Campaign to rebuild Highland Park pavilion gains momentum as county pitches in $600,000
A campaign to reconstruct the Children’s Pavilion in Highland Park dates back to 2002, and the hope was to raise enough money to hold a groundbreaking in 2004.
Obviously, that didn’t happen. But this week the Highland Park Conservancy, a nonprofit group dedicated to the preservation, enhancement and restoration of the park, and Monroe County officials announced a revised goal to rebuild the structure in time for a 2022 groundbreaking, noting that during the past 18 months, more than half of the $3 million needed for the project either has been raised or pledged, including $600,000 from the county.
“I fell in love with Highland Park the first time I walked and explored the park in 1967,” Edna Claunch, vice president of the conservancy’s board and co-chairperson of the Children’s Pavilion Reconstruction fundraising effort, said in a statement. “But something was always missing — the large footprint at the tallest point in the park seemed a lonely place.”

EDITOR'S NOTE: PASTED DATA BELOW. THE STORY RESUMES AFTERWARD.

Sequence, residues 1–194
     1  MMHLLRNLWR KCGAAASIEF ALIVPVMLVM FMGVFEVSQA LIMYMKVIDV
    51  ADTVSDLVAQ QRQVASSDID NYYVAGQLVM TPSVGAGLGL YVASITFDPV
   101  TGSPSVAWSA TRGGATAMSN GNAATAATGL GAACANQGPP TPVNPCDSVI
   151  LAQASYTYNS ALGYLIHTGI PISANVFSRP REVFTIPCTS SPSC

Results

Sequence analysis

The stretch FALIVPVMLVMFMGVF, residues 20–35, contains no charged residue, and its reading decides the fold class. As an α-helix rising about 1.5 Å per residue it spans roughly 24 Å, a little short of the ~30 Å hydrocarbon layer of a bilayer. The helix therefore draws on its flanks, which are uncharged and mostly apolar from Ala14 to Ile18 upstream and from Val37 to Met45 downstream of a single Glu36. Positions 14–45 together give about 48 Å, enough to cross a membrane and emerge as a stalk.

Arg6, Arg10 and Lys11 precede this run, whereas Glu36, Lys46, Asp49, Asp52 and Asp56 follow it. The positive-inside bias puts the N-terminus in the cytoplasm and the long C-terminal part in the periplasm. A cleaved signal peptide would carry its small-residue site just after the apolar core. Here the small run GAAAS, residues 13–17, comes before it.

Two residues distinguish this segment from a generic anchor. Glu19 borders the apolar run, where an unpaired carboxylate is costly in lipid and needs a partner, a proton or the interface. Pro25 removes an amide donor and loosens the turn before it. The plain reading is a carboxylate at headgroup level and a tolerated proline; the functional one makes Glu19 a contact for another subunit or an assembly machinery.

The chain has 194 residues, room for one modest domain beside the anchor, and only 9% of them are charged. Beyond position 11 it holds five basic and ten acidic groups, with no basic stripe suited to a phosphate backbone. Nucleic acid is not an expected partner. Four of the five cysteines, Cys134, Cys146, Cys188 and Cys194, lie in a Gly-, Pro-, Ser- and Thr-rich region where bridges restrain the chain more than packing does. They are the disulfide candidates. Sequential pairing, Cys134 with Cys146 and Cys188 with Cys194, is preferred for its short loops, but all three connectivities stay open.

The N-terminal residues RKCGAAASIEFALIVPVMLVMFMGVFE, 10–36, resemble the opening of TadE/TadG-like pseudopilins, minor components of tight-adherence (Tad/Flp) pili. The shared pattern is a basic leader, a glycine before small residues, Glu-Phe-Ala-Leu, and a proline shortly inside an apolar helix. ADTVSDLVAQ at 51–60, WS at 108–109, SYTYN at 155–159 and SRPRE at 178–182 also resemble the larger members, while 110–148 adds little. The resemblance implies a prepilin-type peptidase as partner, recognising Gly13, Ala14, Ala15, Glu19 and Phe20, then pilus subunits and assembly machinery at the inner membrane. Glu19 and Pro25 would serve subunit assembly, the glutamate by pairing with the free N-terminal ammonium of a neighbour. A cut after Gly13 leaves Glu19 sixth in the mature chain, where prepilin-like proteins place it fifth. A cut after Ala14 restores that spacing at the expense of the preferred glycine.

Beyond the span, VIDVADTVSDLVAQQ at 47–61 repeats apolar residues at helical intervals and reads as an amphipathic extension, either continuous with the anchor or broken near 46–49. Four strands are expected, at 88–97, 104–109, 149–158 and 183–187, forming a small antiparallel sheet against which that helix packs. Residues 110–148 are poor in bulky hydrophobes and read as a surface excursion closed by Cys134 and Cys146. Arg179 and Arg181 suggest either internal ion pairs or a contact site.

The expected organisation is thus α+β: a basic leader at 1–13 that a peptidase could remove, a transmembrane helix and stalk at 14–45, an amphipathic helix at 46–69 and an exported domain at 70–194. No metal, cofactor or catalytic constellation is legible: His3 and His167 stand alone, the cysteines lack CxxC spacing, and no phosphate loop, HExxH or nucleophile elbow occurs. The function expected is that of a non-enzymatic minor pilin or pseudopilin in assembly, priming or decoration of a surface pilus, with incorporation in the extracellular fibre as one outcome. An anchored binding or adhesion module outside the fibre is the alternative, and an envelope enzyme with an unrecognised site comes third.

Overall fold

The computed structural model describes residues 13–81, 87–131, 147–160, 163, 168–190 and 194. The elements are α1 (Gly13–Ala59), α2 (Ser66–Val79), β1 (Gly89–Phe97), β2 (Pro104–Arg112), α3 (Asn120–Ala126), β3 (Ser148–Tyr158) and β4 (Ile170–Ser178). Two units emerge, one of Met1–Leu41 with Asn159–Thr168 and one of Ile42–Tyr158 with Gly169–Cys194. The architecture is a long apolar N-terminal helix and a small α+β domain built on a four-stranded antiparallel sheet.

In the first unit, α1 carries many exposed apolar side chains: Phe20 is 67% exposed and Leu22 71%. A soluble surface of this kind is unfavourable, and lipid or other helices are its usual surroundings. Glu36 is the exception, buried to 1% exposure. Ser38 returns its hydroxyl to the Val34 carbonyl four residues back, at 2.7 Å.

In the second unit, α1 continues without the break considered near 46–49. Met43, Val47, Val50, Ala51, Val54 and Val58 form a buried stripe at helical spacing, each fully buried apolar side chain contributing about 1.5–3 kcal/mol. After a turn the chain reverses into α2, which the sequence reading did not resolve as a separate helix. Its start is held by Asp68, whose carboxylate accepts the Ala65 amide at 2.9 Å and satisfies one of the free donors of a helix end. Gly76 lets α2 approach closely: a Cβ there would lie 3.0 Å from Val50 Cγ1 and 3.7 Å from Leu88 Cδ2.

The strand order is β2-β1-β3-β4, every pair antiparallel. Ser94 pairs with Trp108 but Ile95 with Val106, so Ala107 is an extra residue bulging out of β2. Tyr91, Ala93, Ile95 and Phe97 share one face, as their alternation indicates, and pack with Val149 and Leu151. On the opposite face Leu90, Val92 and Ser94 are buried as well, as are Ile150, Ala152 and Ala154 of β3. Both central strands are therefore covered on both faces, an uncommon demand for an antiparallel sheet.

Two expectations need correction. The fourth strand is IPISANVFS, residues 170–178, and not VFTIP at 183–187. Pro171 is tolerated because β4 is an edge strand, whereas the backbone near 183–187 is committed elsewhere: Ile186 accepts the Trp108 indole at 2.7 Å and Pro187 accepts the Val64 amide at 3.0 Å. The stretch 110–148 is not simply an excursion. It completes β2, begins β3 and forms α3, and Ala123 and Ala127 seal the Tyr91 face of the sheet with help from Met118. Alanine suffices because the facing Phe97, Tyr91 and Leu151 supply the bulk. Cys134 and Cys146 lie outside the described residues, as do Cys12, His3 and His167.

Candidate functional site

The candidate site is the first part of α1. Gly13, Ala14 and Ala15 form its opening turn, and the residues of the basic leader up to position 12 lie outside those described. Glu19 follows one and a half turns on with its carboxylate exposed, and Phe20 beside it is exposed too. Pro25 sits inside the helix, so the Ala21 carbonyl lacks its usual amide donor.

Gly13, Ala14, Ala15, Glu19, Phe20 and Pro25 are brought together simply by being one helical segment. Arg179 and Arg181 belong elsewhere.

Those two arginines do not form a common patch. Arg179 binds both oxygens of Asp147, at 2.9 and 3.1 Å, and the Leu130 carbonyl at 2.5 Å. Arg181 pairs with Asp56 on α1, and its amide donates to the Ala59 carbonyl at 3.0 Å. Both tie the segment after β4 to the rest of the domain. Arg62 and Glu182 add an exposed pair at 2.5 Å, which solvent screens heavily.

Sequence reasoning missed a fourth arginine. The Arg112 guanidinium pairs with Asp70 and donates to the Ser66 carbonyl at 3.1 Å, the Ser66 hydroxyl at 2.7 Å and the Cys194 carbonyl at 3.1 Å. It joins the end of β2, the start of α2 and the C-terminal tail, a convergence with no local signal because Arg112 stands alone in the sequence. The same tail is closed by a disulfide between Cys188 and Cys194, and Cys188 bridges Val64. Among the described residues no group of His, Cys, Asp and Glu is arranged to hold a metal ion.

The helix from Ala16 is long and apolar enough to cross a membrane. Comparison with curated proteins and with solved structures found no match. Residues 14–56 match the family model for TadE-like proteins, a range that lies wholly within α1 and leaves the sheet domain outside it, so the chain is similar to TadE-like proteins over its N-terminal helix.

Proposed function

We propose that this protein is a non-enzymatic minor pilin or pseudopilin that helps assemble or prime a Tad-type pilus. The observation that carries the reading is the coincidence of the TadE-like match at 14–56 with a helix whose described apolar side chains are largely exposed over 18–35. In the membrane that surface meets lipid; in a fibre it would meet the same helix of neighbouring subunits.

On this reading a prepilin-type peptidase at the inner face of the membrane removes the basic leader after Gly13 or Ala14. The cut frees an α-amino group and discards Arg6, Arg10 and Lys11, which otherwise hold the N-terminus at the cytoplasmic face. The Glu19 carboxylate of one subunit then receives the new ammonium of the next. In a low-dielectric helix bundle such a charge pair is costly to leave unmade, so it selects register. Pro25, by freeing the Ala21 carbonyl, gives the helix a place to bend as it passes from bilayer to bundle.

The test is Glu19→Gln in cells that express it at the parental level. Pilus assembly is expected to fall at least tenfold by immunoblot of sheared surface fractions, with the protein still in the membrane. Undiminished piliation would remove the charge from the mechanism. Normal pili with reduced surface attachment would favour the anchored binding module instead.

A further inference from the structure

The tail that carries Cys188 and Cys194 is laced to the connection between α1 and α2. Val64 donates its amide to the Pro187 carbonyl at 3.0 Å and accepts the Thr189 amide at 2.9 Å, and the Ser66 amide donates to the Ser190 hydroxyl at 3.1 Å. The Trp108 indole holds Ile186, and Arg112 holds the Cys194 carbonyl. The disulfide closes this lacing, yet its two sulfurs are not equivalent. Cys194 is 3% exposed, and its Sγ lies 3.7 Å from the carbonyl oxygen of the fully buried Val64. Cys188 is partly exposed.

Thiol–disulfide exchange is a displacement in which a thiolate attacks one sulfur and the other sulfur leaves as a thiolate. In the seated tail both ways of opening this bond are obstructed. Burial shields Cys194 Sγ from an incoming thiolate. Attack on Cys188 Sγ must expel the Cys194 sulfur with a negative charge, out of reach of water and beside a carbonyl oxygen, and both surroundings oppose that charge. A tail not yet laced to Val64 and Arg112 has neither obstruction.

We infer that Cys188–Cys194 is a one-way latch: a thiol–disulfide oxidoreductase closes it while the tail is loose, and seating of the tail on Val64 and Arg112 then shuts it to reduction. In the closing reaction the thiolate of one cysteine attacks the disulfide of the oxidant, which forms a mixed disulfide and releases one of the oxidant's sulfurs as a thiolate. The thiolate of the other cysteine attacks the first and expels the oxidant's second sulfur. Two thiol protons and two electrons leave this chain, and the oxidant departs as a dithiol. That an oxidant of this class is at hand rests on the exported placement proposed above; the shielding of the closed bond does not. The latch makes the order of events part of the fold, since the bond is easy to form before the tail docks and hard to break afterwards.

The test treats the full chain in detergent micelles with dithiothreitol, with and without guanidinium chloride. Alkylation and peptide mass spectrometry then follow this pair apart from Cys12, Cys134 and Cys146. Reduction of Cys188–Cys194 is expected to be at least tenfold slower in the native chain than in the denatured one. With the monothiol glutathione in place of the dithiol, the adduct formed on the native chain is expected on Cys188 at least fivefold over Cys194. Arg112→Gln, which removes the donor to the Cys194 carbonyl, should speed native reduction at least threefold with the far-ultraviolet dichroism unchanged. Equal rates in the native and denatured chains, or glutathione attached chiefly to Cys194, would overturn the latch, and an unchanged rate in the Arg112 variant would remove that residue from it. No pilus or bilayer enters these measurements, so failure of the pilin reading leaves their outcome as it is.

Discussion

The three-story circular structure opened in 1890 on that Reservoir Avenue spot, about 500 feet northeast of the reservoir fountain.
At 62 feet around and 46 feet high, the pavilion was designed to provide “scenic vistas” and be a place for children to breathe clean air in Rochester, which was becoming grimier as the city grew, according to a 2014 Democrat and Chronicle story. Its $7,000 cost was covered by famed nurserymen George Ellwanger and Patrick Barry, who also donated 20 acres of land to form the park. However, by 1963, the pavilion had fallen into such disrepair that it needed to be torn down.
The present goal is to complete and dedicate the new pavilion, on its original footprint, in time for the 200th anniversary of the birthday of park designer Frederick Law Olmsted, who envisioned the structure as a focal point.
Something the new pavilion will have that the original didn’t: an elevator, which will give all visitors, including people who can’t use stairs, access to the top floor.